BACH. Goldberg Variations. Egarr
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|2. Variatio 1 - A 1 Clav.|
|3. Variatio 2|
|4. Variatio 3 - Canone All'Unisuono|
|5. Variatio 4|
|6. Variatio 5 - A 1 Ovvero 2 Clav.|
|7. Variatio 6 - Canone Alla Seconda|
|8. Variatio 7 - A 1 Ovvero 2 Clav. Al Tempo Di Giga|
|9. Variatio 8 - A 2 Clav.|
|10. Variatio 9 - Canone Alla Terza|
See all 16 tracks on this disc
|1. Variatio 16 - Ouverture|
|2. Variatio 17 - A 2 Clav.|
|3. Variatio 18 - Canone Alla Sesta|
|4. Variatio 19|
|5. Variatio 20 - A 2 Clav.|
|6. Variatio 21 - Canone Alla Settima|
|7. Variatio 22 - Alla Breve|
|8. Variatio 23 - A 2 Clav.|
|9. Variatio 24 - Canone All'Ottava|
|10. Variatio 25 - A 2 Clav., Adagio|
See all 30 tracks on this disc
L'intégrale des Variations Goldberg – l'apogée des compositions pour clavier de J.S. Bach – est interprétée ici sur un clavecin d'après Ruckers, pourvu de becs de plumes, et accordé selon un tempérament qui pourrait bien être celui du maître. En complément : les 14 canons Goldberg, rarement joués et peu connus.
Richard Egarr joue sur un clavecin de Joel Katzman, Amsterdam, 1991, d'après Ruckers, Anvers, 1638.
Most Helpful Customer Reviews on Amazon.com (beta)
However, this work demands the kind of virtuoso skills to strike fear in the heart of any virtuoso performer. Dexterity, speed, lightness of touch, dazzling independent fingerwork, in few words an absolutely and deeply felt musicianship.
English keyboardist Richard Egarr plays an excellent harpsichord ( a copy after Ruckers, Antwerp 1638. ), adjusted to match certain speculation about Bach's preferred system of tuned, the tuning pitch A=409, according to Bach required to obtain " a true cantabile " using in this occasion a seagull feather instead of a piece of plastic to pluck the strings.
Egarr delivers a wholehearted performance, taking the listener to the murky side of this enigmatic work, revealing a distinguised playing inspired completely in Bach the composer, not Egarr the performer.
Bach's music lovers will find additional interest in this recording, for the inclusion of the rare Goldberg Canons BWV 1087 discovered in 1974. This work makes a valuable contribution to the vast Bach's discography.
I have no reservations in recommending this excellent survey, not only for the scholarship, but also for its deeply felt musicianship.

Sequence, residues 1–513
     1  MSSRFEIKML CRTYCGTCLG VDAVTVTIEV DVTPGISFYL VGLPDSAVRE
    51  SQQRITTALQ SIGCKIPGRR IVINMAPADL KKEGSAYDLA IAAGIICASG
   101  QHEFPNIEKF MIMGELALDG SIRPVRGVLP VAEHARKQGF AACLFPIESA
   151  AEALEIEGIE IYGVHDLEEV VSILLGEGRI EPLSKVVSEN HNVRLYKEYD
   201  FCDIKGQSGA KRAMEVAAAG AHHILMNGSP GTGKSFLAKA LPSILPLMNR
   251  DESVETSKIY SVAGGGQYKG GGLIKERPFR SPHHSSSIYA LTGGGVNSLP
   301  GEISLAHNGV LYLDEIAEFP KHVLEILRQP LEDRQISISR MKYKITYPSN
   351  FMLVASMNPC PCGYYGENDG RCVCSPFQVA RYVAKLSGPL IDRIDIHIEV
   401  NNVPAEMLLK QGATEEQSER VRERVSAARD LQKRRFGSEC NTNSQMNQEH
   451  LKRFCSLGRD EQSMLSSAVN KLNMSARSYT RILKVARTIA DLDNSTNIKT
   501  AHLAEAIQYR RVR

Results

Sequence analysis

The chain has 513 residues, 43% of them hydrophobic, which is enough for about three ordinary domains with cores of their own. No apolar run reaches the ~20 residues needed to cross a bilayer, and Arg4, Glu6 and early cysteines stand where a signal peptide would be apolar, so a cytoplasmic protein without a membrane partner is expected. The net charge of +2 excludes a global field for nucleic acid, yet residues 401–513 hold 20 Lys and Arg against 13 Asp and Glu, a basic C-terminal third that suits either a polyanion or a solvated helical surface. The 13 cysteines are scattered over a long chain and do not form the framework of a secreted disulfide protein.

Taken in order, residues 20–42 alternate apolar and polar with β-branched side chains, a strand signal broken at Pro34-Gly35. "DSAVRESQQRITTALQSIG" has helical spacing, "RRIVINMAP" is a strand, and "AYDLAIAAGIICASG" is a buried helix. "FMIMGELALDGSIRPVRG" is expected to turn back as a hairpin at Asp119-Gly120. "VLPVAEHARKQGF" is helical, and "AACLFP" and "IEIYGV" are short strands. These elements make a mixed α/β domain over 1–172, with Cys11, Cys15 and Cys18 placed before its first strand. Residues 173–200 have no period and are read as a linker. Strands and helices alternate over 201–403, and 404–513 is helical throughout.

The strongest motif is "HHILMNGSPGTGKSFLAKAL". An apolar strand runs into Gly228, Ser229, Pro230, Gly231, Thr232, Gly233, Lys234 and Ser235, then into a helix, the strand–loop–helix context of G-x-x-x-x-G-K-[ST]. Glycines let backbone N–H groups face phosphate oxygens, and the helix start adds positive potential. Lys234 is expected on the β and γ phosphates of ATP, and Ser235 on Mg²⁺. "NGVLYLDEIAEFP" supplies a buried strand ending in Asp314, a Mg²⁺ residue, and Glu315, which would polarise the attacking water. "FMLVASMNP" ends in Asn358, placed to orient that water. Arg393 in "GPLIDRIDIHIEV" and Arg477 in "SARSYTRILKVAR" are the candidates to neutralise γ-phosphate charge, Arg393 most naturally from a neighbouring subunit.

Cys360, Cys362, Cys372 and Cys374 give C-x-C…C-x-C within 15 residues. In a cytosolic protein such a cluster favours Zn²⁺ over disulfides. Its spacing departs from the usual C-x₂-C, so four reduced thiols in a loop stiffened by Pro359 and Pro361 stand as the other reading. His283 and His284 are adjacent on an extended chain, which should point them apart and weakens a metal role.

Now there is a new contender for these ranks of great performances in this splendid recording by harpsichordist Richard Egarr. Egarr is a purist and has tuned his instrument in the half tone manner compatible with the method of tuning in Bach's day. He is an immaculate technician, negotiating all of the treacherous variations with utter ease but also finding the sublimely gentle melodies in others. True, with the Goldberg Variations as played on the harpsichord there is not the range of dynamics or even expressiveness that is available to the performer of this work on the much later developed piano or even pianoforte. Those who treasure Gould's definitive performances will miss the poetry, the pedaling, the swooning - and the audible accompanying singing from the keyboardist!
But set aside the piano version of this Bach masterpiece and allow Richard Egarr to transport you back to the time of the creation of the work. It is a mesmerizing experience. Egarr's 2 CD set includes the seldom heard 'Verschiedene Canones (14), for unspecified instruments or keyboard, BWV 1087' which, though a mere 8 minutes in length is yet another otherworldly exploration of Bach.
Many scholars will write prolifically about the response to the particular tuning aspects of the harpsichord used by Richard Egarr, and that will prove an interesting debate. But for the less scientifically audience this recording is a viable, no splendid!, variation of Bach's timeless Goldberg Variations. Highly Recommended. Grady Harp, March 06
Richard Egarr does it proud. He is now well established as one of the world's leading harpsichord players with a deep understanding of the music, fabulous technique and compete mastery of his instrument. He plays with minimal rubato, but sufficient to bring out the meaning in Bach's phrasing. Just occasionally he adopts a slightly halting gait (noticeable in variations 1 and 5, for example) which I'm not that keen on, but it was never intrusive enough to interfere with my enjoyment. It's a lovely interpretation.
Harpsichord music isn't always easy to listen to at length, but I never tire of it here. The sound of the harpsichord is simply wonderful - full, ringing and rich but never overbearing - and it is superbly recorded. There are many very fine recordings of this work, but for a harpsichord version I don't think you can do better than this one, which is really saying something in the face of terrific versions by people like Trevor Pinnock, Christope Rousset and Gustav Leonhardt. Very warmly recommended.